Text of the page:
Speakers

Speakers and panel chairs (in alphabetical order by surname)

Ronny Ambjörnsson was professor of Intellectual History at the University of Umeå 1970-2001. He has published books on utopian ideas; Swedish working class culture; and ideas on the concept of Europe. He has also published essays on gender history, and a biography on the Swedish writer Ellen Key (1849-1926), Ellen Key: an European Intellectual (Stockholm 2012).

Brycchan Carey is Professor of English Literature at Kingston University in London. He is the author of From Peace to Freedom: Quaker Rhetoric and the Birth of American Antislavery, 1658–1761 (Yale University Press, 2012) and British Abolitionism and the Rhetoric of Sensibility: Writing, Sentiment, and Slavery, 1760–1807 (Palgrave, 2005). He has published numerous essays and journal articles on the literature and cultural history of slavery and abolition, as well as editing three essay collections including most recently Quakers and Abolition, co-edited with Geoffrey Plank (University of Illinois Press, 2014).

Mark Florman has advised a wide variety of governments and industries. He is  also an entrepreneur, having founded businesses in technology, media, transportation, publishing, private equity, banking and leisure, as well as think tanks, school building and international development programmes, charities and political campaigns. Mark is a member of the Social Impact Investment Taskforce established by the G8 and is Chairman of The Centre for Social Justice, as well as holding principle positions on a number of other boards and committees.

Sir Roger Gifford is the UK Country Head of SEB where he has worked for over 30 years. He was the Lord Mayor of London in 2012/13 and lived in the Mansion House during that year. In that role he promoted the UK and the City of London as a global hub for banking, insurance, maritime and all other professional and financial services. Roger is a strong believer in the importance of culture and the arts in people’s lives and he supports a number of arts charities. He also believes in the importance of education about religious tolerance and diversity. He is a trustee of the Co-Exist House project and St Pauls’ Cathedral Foundation.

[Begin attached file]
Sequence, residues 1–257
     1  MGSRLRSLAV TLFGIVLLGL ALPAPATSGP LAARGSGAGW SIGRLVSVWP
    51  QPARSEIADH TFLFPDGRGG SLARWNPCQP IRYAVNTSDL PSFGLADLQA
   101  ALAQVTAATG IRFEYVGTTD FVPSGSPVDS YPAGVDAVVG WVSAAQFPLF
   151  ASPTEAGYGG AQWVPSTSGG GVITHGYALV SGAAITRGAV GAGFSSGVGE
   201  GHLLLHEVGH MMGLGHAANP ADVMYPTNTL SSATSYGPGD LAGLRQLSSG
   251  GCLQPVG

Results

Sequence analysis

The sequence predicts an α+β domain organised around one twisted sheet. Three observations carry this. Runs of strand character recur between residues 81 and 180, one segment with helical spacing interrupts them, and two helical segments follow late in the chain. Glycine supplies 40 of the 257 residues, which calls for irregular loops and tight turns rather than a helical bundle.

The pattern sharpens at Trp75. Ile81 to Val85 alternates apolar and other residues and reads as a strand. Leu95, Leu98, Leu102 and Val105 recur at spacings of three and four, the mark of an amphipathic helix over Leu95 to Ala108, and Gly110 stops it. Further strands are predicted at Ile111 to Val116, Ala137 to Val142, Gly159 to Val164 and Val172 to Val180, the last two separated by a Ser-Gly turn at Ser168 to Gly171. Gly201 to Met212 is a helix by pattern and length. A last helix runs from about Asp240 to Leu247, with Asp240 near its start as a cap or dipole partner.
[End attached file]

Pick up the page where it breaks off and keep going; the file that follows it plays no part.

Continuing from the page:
Anders Hallengren is a former Harvard fellow, a research affiliate of Stockholm University, and currently Vice President of the Swedenborg Society of London. He has published books on Swedenborgian thought (Gallery of Mirrors, 1998; The Grand Theme, 2013); ethics and natural law (The Code of Concord, 1994); international law and African affairs (Kuba i Afrika, 1984); integration in a multicultural world of change (Nobel Laureates in Search of Identity and Integrity, 2004); and is internationally renowned for his Nobel essay ‘Nelson Mandela and the Rainbow of Culture’, first published on 9/11 by Nobelprize.org.

Jonathan Howard is a Swedish architect who grew up in Britain. After graduating from Cambridge in 1956, he worked in Canada, Africa and Sweden, where he now lives. During the last five years, he has researched the late eighteenth-century European settlements in West Africa, in which a dozen Swedes were involved.

Neil Kent is an Associate of the Scott Polar Research Institute at Cambridge University and a Fellow of the Cambridge Security Initiative. He was formerly Professor of European History and Culture at the St Petersburg State Academic Institute of Art, Sculpture and Architecture and a member of the Board of the Finnish Institute, London. Neil’s publications include The Triumph of Light and Nature: Nordic Art 1740 – 1940 (London: Thames and Hudson, 1987); The Soul of the North: a Social, Cultural and Architectural History of the Nordic Countries (London: Reaktion Books, 2000); and A Concise History of Sweden (Cambridge: Cambridge University Press, 2008). Forthcoming are Crimea. A History (Hurst and Company, 2015); A Cultural and Literary History of St Petersburg (New York: Signal Books/Oxford University Press, 2015); and Denmark and its Imperial Legacy (Hurst and Company, 2016).

James Lawrence teaches Spirituality and Historical Studies at Pacific School of Religion and the Graduate Theological Union in Berkeley, California. His research areas include mysticism, esotericism, and spirituality. His publications include: ‘Swedenborgian Spirituality’, in The New Westminster Dictionary of Christian Spirituality (Louisville: Westminster John Knox Press, 2005); ‘An Extraordinary Season in Prayer: Warren Felt Evans’s Journey into “Scientific” Swedenborgian Spiritual Practice’, in Studia Swedenborgiana (12:3, 2002); and ‘Telling the Old, Old Story Anew: George Dole’s Developmentalist Reading of the Bible’, in Principles in Play: Essays in Honor of George Dole’s Contributions to Swedenborgian Thought, ed. James Lawrence (Berkeley: Studia Swedenborgiana Press, 2012).

David Lindrooth studied at George Washington University and at Bryn Athyn College Theological School. He is director of the General Church, Church Outreach.

Alexander Malmaeus, Chairman of the Anglo-Swedish Society, is a Swedish architect working in London. The Anglo-Swedish Society runs an arts-focused scholarships and awards programme in the UK and Sweden as well as events to explore the crossover between the two cultures. Anyone is welcome to join the Society.